My nephew and I were talking the other day about 3D printers. We’ve been discussing them for three months or so now, and have been amazed at the expansion of “low” cost options entering the market. The other day, we saw one for around $200 USD, with a reasonable set of features and options.
There have been a few Kickstarter projects in recent history that have successfully funded the development of new 3D printers, and there are some running right now that look like they’ll be more than a little successful as well.
The Buccaneer was asking for $100,000 in funding and has managed to bring in over $1.3 million dollars. If you fund $450 USD plus shipping, you could own one of the third batch of Buccaneers being made.
The one I found for $200 was the MakiBOX A6 LT. For $300, you can get their version that can not only use PLA, but also ABS, the same material used in making LEGO.
A site I found called 3Ders has a list compiled of all the options for 3D printing and their cost. Check out that list for more details. They range from $200 to $25,000 but the key thing is the continued reduction in cost. I remember, not even a year ago, the average price of a new 3D printer was in the thousands, and now we are seeing many entrants in the hundreds.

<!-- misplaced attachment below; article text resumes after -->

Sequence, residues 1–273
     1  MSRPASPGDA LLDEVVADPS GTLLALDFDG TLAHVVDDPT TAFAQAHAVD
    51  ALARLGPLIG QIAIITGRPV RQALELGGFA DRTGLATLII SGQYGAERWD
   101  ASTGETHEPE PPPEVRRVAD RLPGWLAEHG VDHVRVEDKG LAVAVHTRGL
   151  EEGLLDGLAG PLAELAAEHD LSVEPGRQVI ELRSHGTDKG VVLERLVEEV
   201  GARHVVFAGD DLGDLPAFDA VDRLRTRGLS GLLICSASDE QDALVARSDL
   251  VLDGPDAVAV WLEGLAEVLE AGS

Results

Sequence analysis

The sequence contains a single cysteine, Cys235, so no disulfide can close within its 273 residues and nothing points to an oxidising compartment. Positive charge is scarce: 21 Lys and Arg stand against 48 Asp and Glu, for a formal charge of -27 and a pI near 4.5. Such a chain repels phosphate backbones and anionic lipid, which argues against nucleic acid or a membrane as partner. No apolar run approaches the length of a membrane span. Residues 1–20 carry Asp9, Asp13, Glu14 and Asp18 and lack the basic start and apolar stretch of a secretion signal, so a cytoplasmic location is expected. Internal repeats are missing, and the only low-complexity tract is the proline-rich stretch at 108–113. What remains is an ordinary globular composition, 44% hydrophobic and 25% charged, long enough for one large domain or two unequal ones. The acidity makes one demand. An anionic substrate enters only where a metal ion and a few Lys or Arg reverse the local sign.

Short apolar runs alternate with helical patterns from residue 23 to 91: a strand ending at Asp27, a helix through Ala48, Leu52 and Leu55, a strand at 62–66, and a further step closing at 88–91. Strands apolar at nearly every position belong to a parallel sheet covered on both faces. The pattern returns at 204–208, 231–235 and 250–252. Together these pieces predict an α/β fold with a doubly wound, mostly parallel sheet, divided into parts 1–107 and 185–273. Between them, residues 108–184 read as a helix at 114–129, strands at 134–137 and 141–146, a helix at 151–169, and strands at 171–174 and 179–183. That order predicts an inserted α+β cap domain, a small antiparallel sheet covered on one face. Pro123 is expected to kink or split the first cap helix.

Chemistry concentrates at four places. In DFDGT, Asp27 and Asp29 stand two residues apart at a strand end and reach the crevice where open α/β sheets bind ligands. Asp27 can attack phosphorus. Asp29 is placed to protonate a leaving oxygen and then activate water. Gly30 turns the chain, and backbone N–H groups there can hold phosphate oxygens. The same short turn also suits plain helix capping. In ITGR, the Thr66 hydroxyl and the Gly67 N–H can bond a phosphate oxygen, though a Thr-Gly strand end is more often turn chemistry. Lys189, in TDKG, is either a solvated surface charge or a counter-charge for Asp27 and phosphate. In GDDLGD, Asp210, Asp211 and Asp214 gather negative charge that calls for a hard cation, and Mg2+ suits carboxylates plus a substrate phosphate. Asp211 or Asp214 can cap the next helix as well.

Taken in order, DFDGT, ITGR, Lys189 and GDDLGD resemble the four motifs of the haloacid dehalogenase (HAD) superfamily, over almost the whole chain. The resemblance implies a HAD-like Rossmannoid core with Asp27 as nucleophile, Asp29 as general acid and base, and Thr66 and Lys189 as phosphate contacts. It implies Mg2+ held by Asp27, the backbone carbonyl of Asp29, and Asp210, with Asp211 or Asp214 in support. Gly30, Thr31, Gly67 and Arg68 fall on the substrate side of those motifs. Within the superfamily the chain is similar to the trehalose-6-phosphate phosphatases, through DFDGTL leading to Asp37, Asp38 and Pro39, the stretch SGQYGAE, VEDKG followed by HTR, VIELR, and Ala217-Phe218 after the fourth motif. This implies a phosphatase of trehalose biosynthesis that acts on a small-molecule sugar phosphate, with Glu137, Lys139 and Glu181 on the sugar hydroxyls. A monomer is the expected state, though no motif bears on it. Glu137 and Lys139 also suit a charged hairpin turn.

I think there is a lower barrier of around $200 for these kinds of things, and I don’t see it breaking through that for a long time, much like laser printers in the late 90’s and early 00’s.
After I am married, one of the things I think I’ll splurge on is purchasing a 3D printer. I think its usefulness will not truly come around until five or ten years from now, but the idea is really appealing to me. I would love to attempt some basic prototyping, printing some cool models others have made, and just playing around with a device that basically prints what I want, when I want. I don’t think there is anything more liberating than that, and I’ve wanted a replicator since watching Star Trek: The Next Generation. Of course, it is also one of those items that makes a lot of sense to share. I expect my nephews will want to use it, and they have experience modelling things in CAD software, which is something I don’t really have. Their ability to create things will be much better than the plates, cups, and shapes that I’ll make.
I know one thing I’ll probably print is a small set of sci-fi ships for myself. I would love to print out a Defiant from Star Trek, a Whitestar from Babylon 5 and a few other ships from sci-fi shows and movies.
What are your thoughts on 3D printers? Are they still too much of a gimmick? What kind of advancements do you expect next?
I am waiting for them to figure out how to easily switch material colours, and maybe even integrating wires to allow for many potentially interesting uses. Of course, I also want the resolution to continue to improve, and the printing surface to grow.
Can you tell I’m a bit excited about this technology?